Turning Plant Pests into Helpers

June 24, 2019 • by Christine S Sinatra

Aphids are an enemy for most plants now, but the latest work from a team of scientists may make them a crop's new best friends.

As any farmer or summer gardener knows, tiny aphids represent an enemy for most crops. The insects like many of the same plants that we rely on for food, and aphids can sometimes spread plant diseases, similar to the way mosquitos spread human diseases.

But much worse threats for plants loom. A major drought, widespread fungus or weevil infestation can wipe out entire fields of crops. In the worst cases, these occurrences could even threaten the overall food supply for people. New strategies to secure the food supply and ensure bountiful crop yields to feed the world's people would be needed, and this is something that U.S. scientists and engineers, who have authored a new roadmap for advances in engineering biology, suggest innovative research in that area could assist with.

A team at the University of Texas at Austin and Texas A&M are exploring the potential of aphids to help, not hurt, in the face of a crop emergency. Our new video explains the work of a team led by molecular biosciences professor Jeffrey Barrick, with integrative biology professor Nancy Moran and molecular biosciences professor Andy Ellington.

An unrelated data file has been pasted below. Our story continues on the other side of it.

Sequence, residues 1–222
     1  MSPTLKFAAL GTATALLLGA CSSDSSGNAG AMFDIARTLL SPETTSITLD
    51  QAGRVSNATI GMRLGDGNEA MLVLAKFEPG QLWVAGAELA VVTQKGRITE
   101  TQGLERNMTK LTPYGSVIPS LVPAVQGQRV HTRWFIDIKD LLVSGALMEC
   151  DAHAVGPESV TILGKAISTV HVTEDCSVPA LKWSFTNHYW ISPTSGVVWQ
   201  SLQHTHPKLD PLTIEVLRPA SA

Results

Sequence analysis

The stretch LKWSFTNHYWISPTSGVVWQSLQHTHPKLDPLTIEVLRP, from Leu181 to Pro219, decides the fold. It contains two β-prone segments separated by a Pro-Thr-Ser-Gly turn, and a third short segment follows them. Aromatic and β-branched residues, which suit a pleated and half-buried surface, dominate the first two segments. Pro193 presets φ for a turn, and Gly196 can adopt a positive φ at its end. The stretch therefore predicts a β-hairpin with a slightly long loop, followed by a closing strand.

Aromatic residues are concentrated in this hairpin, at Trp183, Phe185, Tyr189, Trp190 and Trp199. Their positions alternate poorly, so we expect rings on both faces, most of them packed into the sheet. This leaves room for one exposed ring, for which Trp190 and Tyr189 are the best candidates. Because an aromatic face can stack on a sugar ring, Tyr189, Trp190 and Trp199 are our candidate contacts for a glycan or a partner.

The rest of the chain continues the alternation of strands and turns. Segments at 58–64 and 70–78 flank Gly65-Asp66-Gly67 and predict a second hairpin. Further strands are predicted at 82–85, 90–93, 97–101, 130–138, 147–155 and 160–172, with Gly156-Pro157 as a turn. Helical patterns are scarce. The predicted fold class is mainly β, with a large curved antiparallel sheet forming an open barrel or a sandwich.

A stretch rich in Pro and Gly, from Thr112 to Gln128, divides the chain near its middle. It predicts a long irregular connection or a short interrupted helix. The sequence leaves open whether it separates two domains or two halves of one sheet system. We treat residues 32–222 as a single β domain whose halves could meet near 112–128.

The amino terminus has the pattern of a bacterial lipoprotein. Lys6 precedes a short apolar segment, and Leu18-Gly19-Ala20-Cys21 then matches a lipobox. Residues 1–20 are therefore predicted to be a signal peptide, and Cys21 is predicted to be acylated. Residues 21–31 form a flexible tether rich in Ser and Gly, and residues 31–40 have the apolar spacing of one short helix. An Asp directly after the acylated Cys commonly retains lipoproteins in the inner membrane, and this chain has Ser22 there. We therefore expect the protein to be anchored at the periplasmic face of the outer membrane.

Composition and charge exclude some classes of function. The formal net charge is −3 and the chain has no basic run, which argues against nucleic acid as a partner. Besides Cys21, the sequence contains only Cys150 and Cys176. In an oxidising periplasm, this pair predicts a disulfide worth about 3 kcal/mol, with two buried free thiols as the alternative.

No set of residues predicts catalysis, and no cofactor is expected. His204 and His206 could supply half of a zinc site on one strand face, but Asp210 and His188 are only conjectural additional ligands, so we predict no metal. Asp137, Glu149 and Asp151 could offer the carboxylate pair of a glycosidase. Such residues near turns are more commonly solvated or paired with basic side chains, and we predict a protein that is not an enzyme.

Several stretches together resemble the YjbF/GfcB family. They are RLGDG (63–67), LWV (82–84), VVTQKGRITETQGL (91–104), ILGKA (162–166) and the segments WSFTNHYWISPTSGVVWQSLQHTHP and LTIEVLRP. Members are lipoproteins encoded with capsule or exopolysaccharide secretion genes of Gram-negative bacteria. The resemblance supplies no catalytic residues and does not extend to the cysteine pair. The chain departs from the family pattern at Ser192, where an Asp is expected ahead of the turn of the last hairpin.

With funding from the Defense Advanced Research Projects Agency, the team is exploring whether bacteria that live within aphids can be used to intervene in a way that safely curbs the harm from an unexpected crop crisis.

According to Science Daily, a consortium of 80 scientists and engineers, including from UT Austin, recently released the roadmap to help guide future U.S. investment in engineering biology research. Along with quantum information systems and nanotechnology, this federal investment may soon become an emerging research-investment priority for the United States.

More information about ongoing biological engineering projects at UT Austin is on the website for the Center for Systems and Synthetic Biology.